Pauline Zweck, RYT-200, trained at the 200 level in 2007, studying a blend of yoga disciplines with a focus on modifications and moderation to make the practice available to all. In 2015, Pauline became certified to teach Viniyoga, a style of yoga that is adapted to support your physical and emotional needs throughout the various stages of life.  Pauline teaches at 5 Koshas Yoga & Wellness on Tues at 5:30 pm (Yoga for Beginners & Beyond), Wed at 12 noon (Mental & Physical Balance) and as a long-term sub from Nov – April for Mon 8:30 (Senior Yoga Therapeutics-Mat) and 10:00 am (Senior Yoga Therapeutics-Chair).  She is also faculty with the 240 hr. River Flow Yoga Teacher Training.          

 

 

 

 

Mental and Emotional Ease

Tame the Anxiety & Worry Monkeys

Mental and emotional ease are states of being that we can all appreciate.  We put our best selves forward when we are peaceful, calm and focused.  We need fast, easy and accessible tools to bring us back to order and calm when fear, anxiety, stress or worry monkeys knock on our door and enter our inner sanctum, wreaking havoc.  The ancient practice of yoga therapy has tools that can be tailored for working with the monkeys.

The journey of life brings difficult changes, losses and transitions that create disturbances of thought and emotion.  It’s like an entire jungle of monkeys vacationing in our home.  We may also be “hardwired” genetically or through family or other conditioning to be more anxious, worried and fearful.  In other words, you bought the house with monkeys included.  Ultimately we have to accept innate tendencies, process life experiences and learn tools for cultivating awareness and changing the inner sanctum when the monkeys take over and create a mess of our minds, emotions and physiology.

Yoga can work in the short term by soothing the stress response, quieting the mind and balancing emotions.  Over time, regular practice that is tailored to your needs can help to reduce or prevent stress and anxiety symptoms, panic attacks and side effects of stress and anxiety such as distraction, insomnia, digestive distress, shortness of breath, heart palpitations and high blood pressure.

My teacher, Gary Kraftsow, a master level Yoga Therapist and trainer, says that “one of yoga’s most important gifts is an inner connection to the reality that you are not your diagnosis” or your monkeys.   Working with the monkeys of anxiety, stress, worry or fear requires cutting through the physiological stress response to connect to something deeper within ourselves, that inner aspect of ourselves that is unchanging, even in the face of our genetics, family conditioning or external life changes.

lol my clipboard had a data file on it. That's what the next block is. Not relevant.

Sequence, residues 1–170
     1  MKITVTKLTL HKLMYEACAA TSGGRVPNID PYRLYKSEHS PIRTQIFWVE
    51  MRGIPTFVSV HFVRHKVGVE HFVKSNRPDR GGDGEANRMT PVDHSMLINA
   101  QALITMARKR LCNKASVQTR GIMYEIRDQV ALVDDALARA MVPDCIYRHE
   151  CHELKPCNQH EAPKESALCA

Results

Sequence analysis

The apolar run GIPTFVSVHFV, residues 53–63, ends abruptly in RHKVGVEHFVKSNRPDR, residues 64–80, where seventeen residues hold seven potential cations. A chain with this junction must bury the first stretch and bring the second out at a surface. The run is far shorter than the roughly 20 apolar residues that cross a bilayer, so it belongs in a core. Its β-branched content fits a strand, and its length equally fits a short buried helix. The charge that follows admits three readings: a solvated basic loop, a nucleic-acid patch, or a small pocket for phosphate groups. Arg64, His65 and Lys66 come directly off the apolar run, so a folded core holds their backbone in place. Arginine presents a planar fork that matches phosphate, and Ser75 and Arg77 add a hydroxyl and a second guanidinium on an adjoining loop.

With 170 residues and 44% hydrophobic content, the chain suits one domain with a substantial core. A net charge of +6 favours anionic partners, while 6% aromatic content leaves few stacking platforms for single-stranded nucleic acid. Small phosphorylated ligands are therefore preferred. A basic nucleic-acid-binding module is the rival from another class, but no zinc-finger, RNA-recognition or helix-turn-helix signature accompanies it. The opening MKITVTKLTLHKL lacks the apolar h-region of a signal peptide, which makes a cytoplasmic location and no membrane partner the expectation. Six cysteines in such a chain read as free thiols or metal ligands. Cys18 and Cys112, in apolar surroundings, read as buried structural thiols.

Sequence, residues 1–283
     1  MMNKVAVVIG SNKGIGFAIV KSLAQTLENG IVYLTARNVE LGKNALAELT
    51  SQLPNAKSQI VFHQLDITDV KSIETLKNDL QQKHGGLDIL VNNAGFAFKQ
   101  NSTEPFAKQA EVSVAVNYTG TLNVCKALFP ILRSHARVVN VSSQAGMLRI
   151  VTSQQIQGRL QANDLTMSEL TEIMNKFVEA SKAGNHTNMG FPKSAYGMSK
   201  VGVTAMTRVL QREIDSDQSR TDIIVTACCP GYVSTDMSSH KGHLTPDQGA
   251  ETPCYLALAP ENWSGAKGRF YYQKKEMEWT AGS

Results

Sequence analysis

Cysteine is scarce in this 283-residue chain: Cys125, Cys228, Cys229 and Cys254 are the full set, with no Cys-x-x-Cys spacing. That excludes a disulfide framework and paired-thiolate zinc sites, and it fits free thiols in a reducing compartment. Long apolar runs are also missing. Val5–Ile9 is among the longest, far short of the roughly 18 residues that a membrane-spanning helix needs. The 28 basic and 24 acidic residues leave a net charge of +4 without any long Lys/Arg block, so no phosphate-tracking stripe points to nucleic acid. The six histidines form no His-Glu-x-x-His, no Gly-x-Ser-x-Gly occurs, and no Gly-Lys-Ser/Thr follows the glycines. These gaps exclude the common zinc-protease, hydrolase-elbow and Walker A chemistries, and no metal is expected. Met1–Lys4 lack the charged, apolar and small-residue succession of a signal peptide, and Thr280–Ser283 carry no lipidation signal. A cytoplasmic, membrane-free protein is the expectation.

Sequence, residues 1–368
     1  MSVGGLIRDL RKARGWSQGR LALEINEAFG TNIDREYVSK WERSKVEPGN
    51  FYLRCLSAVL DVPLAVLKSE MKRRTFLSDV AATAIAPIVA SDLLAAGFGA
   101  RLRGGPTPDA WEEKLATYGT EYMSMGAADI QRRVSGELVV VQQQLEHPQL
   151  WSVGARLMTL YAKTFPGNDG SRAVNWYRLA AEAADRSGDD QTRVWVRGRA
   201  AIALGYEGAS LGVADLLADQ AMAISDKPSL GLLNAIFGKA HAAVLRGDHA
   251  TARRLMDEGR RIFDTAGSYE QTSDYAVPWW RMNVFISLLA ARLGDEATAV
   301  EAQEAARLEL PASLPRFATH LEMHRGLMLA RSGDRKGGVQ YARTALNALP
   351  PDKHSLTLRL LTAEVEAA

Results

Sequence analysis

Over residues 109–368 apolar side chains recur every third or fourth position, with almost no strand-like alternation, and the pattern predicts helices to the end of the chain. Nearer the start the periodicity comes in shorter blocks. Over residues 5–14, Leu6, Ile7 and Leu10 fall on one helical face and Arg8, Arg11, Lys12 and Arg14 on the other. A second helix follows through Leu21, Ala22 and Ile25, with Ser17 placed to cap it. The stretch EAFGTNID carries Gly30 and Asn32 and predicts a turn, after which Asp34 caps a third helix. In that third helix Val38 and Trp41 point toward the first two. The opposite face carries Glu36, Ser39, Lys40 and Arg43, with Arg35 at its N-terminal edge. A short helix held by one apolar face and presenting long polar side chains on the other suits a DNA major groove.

5 Steps to Soothing Anxiety, Worry and Fear

Step 1:  Move your body.  Engage in some exercise.

Step 2:  Breath in coordination with movement in a yoga posture, adapting the breath in a unique way to soothe the stress response.

Step 3:  Do at least 12 – 18 breaths of a specialized anti-anxiety breathing technique.

Step 4:  Use a mantra (word or phrase) with awareness of your inhale and exhale whenever you feel that inner quickening feeling that arises before worry, fear, anxiety or stress kicks in.  We can prevent the monkeys from getting in the house.  A simple mantra might be Inhale – “Peace, Peace”, Exhale – “Peace, Peace, Peace”.

Step 5:  Connect to a source of inspiration or faith that gives you courage and strength for all that is ahead in the journey of life.   This shortened version of the Serenity Prayer is an example.  “Help me accept the things I cannot change, courage to change those that I can and the wisdom to know the difference.”

The nature of our mind is that tendency toward monkeys repeatedly showing up and taking over.  By doing regular yoga practice we place the bananas outside on the lawn for the monkeys, keeping our peaceful inner sanctum.   If the monkeys do get in, we can use our emergency tools of movement, breath, mantra and sources of inspiration and strength to calm the monkeys and gently evict them.

 

Grounding During Grief

Grief is a unique combination of sadness, memories, fog, strong emotions, bodily experiences and occasional moments of peace and clarity. This simple quote reveals so much about what we are just beginning to understand about the science of chronic stress and the effects of grief. Dr. van der Kolk, a researcher who studies the effect of yoga on stress and trauma, is reminding us that the body stores up life’s most difficult moments and stresses.